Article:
Blanche de Navarre, reine de France

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Blanche of Navarre (d'Evreux), reine de France

Also Known As: "Blanche d'Évreux", "Blanche of Navarre Queen Consort of France"
Birthplace: France
Death: October 05, 1398 (66-67)
Neaufles-Saint-Martin, Eure, Haute-Normandie, France
Place of Burial: La basilique Saint-Denis, Saint-Denis, Seine-Saint-Denis, Paris, France
Immediate Family:

Daughter of Felipe III el Bueno, rey de Navarra and Juana II de Francia, reina de Navarra
Wife of Philippe VI le Fortuné
Mother of Jeanne Blanche de Valois
Sister of María de Navarra, reina consort de Aragón; Carlos II el Malo, rey de Navarra; Philippe de Navarra, comte de Longueville; Agnès de Navarre, comtesse consort de Foix; Joanna de Navarre, Princess de Navarre and 1 other

Occupation: Blanche, infante de Navarre
Managed by: Noah Tutak
Last Updated:

About Blanche de Navarre, reine de France

and in French:

Blanche of Navarre (French: Blanche de Navarre, Blanche d'Évreux; 1331 – 5 October 1398) was a Queen consort of France.

She was the second child and daughter of Queen Joan II of Navarre and King Philip III of Navarre.[1] She belonged to the House of Évreux, a cadet branch of the House of Capet, and married into the House of Valois, another cadet branch of the House of Capet.


At first, the Kings of Navarre wanted to achieve an alliance with Castile by having Blanche marry Peter, eldest son and heir of King Alfonso XI. However, Blanche was eventually betrothed to Prince John of France.

As the most beautiful princess of her time —she was nicknamed the "Beautiful Wisdom" (Belle Sagesse)—, Blanche cautivated the recently widower King Philip VI of France, father of her intended husband and almost forty years her senior. On 29 January 1349 she married with him at Brie-Comte-Robert.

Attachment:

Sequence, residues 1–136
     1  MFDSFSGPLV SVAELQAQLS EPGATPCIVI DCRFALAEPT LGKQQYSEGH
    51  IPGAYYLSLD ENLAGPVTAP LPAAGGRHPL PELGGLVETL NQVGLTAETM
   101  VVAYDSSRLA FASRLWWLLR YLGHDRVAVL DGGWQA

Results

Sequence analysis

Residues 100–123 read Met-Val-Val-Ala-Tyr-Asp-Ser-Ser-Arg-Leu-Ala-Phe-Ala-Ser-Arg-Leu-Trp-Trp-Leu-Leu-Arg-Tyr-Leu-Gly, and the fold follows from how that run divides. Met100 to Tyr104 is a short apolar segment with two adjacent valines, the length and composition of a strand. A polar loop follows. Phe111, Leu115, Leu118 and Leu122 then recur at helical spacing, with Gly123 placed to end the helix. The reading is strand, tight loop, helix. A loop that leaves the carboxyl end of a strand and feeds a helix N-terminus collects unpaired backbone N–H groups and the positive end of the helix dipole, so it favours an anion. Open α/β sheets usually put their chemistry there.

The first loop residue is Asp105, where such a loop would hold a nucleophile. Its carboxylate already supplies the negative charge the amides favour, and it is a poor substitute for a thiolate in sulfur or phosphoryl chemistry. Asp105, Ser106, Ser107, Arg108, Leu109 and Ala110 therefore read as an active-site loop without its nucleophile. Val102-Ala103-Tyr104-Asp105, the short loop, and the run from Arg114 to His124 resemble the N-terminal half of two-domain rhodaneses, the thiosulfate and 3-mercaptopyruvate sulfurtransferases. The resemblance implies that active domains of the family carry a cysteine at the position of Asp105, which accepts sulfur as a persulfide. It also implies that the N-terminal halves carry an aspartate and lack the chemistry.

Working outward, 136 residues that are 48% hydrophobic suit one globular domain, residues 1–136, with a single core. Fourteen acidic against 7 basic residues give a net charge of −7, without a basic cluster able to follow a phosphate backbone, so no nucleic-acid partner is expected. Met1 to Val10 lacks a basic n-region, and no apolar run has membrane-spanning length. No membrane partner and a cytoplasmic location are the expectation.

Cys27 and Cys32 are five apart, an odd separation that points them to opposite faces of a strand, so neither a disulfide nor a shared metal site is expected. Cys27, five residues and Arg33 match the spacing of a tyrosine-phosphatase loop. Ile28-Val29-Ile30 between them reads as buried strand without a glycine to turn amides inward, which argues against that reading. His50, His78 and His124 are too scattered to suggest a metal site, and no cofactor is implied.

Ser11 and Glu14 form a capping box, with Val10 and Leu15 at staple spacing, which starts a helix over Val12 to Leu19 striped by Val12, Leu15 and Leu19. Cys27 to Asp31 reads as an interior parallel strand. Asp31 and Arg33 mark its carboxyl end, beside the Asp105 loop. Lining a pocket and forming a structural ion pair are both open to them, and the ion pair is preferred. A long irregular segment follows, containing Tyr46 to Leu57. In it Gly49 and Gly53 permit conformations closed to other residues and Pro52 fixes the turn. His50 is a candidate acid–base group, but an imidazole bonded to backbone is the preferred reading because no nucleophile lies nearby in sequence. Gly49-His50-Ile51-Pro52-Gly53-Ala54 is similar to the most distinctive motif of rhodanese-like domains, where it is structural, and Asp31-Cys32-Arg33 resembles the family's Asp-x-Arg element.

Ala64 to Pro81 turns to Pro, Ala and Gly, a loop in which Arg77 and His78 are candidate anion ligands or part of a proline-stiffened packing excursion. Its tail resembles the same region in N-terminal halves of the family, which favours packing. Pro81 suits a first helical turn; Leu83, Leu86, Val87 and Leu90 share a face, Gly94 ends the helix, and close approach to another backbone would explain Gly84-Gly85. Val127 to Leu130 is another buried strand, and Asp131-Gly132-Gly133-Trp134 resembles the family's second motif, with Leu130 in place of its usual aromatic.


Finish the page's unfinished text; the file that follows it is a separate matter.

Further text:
The union was short-lived: King Philip VI died one year later, on 22 August 1350, according to some chroniclers of exhaustion from constantly fulfill his conjugal duties. Pregnant at that time, Blanche gave birth a daughter, Joan (also named Blanche), in May 1351.

After her husband's death, the Dowager Queen retired to Neaufles-Saint-Martin near Gisors in Normandy. Soon after, the now King Peter I of Castile asked her hand in marriage, but she refused the offer, saying: "The Queens of France never remarried" (Les reines de France ne se remarient point).

She appeared in the French court on rare occasions, especially during the solemn entry of Isabeau of Bavaria in Paris, who was organizated by her. Blanche also played a political role as a mediator between her brother King Charles II of Navarre and France.

In 1371 her only daughter Joan-Blanche was engaged with Prince John of Aragon, eldest son and heir of King Peter IV; however, she died during the journey to Aragon for her marriage on 16 September 1371 in Béziers.[2]

Blanche died on 5 October 1398 at Neaufles-Saint-Martin. She is buried next to her daughter in the Basilica of St Denis, the necropolis of the Kings of France, north of Paris.

[edit] Trivia

   * Blanche was interested in alchemy and had laboratories in some of her castles.[citation needed] She sponsored Nicolas Flamel.[citation needed]

[edit] In popular culture

   * In conspiracy theories, such as the one promoted in The Holy Blood and the Holy Grail, Blanche of Navarre has been alleged to be the seventh Grand Master of the Priory of Sion.
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Blanche de Navarre, reine de France's Timeline

May 1351
October 5, 1398
Age 67
Neaufles-Saint-Martin, Eure, Haute-Normandie, France
Age 67
La basilique Saint-Denis, Saint-Denis, Seine-Saint-Denis, Paris, France